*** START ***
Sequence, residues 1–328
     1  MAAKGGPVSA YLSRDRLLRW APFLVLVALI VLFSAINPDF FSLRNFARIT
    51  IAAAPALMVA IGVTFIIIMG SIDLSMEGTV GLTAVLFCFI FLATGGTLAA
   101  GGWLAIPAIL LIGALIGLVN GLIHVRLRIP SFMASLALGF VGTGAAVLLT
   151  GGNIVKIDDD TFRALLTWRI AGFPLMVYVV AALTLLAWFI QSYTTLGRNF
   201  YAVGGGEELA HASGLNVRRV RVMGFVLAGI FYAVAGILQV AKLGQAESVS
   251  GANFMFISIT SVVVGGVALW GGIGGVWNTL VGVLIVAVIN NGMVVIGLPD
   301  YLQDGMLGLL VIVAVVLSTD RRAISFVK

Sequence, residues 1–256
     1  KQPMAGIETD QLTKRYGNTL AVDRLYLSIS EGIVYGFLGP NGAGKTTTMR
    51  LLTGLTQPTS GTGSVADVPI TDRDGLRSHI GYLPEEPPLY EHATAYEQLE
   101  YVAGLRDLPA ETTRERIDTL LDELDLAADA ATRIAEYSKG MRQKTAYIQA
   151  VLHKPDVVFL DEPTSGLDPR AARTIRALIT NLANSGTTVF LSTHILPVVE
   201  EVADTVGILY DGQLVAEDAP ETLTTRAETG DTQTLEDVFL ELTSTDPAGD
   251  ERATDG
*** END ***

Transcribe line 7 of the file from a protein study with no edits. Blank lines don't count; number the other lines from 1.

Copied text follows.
   251  GANFMFISIT SVVVGGVALW GGIGGVWNTL VGVLIVAVIN NGMVVIGLPD